European Commission logo
English English
CORDIS - EU research results

Structure and dynamics of catalytically active species from Residual Dipolar Couplings

Final Report Summary - RDC@CATALYSIS (Structure and dynamics of catalytically active species from Residual Dipolar Couplings)

Nowadays it is generally accepted, that the three dimensional structure is the key to success if molecules or materials shall exhibit specific functions. Recently a new theory on molecular recognition has been proposed, which addresses the question whether a structural change is induced by the binder as in the Induced-Fit Theory, or if the active conformation is already a member of the ensemble of conformations present in solution and is selected by the binder (Conformational Selection). The investigation of structures and their dynamics in solution is thus a fascinating field of science, which quite frequently allows deducing structure activity relationships and gives hints for the rational design of functional molecules.
One class of functional molecules are catalysts. It was the objective of the current project to establish methods to investigate the solution structure and dynamics of catalytically active species in order to understand their reactivity and selectivity.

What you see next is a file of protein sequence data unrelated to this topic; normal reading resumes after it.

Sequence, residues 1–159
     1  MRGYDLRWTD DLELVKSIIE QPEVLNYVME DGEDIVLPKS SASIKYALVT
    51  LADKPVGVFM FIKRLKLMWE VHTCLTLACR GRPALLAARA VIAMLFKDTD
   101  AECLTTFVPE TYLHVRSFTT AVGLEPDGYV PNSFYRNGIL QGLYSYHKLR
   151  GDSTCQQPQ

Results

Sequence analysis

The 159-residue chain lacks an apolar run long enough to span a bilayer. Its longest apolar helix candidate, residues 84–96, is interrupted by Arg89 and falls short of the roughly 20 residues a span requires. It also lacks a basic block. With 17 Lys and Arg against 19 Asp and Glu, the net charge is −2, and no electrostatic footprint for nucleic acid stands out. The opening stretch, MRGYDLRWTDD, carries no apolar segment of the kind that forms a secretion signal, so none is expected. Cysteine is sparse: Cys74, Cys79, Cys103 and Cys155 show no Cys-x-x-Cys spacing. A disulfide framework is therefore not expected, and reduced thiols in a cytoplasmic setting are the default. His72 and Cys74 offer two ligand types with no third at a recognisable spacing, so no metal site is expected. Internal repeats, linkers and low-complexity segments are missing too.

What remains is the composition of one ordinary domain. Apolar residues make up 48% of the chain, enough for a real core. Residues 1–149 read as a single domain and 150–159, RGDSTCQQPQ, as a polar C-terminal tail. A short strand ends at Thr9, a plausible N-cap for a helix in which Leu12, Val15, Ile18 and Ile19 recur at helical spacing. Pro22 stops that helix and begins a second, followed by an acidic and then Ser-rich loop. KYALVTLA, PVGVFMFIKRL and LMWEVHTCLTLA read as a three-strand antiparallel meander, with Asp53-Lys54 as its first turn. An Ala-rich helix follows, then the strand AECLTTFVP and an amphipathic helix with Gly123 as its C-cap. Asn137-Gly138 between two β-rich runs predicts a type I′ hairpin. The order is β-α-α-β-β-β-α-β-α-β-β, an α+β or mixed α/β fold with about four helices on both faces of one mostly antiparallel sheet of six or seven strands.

Of special interest for synthesis are enantioselective processes. Knowledge about the origins of enantio¬selection in homogeneously catalysed processes is still limited though. If the origins of enantioselection are to be investigated one crucial step is to obtain knowledge about the spatial relationship between the catalyst (composed of metal and ligands in metal catalysed processes and of the catalyst only in organo¬catalytic processes) and the substrate. If an intermediate can be isolated this spatial relationship can - in principle - be obtained either from X-ray crystallography or from NMR-spectroscopy (nuclear magnetic resonance). It has to be pointed out that the structure in the solid state does not necessarily resemble the one in solution and that dynamic processes, which we believe to be crucial for the function of catalysts, are not easily accessible from X-ray data. High-resolution solution state NMR spectroscopy on the contrary cannot only be used to determine the spatial relationship, but also for the investigation of dynamic processes.
We have used conventional NMR –parameters such as the Nuclear Overhauser Effect (NOE) together with the recently (re)introduced Residual Dipolar Couplings (RDCs) to investigate the solution structures of metal-based and organocatalysts and have obtained significant insights into two classes of reactions – a palladium catalysed allylic substitution reaction and a kinetic resolution of diols with a peptide catalyst.
To achieve these goals it was also necessary to develop methods for the treatment of flexibility, to develop software and to implement state-of the art NMR techniques, such as ultra-fast NMR, non-uniform sampling and pure-shift NMR etc.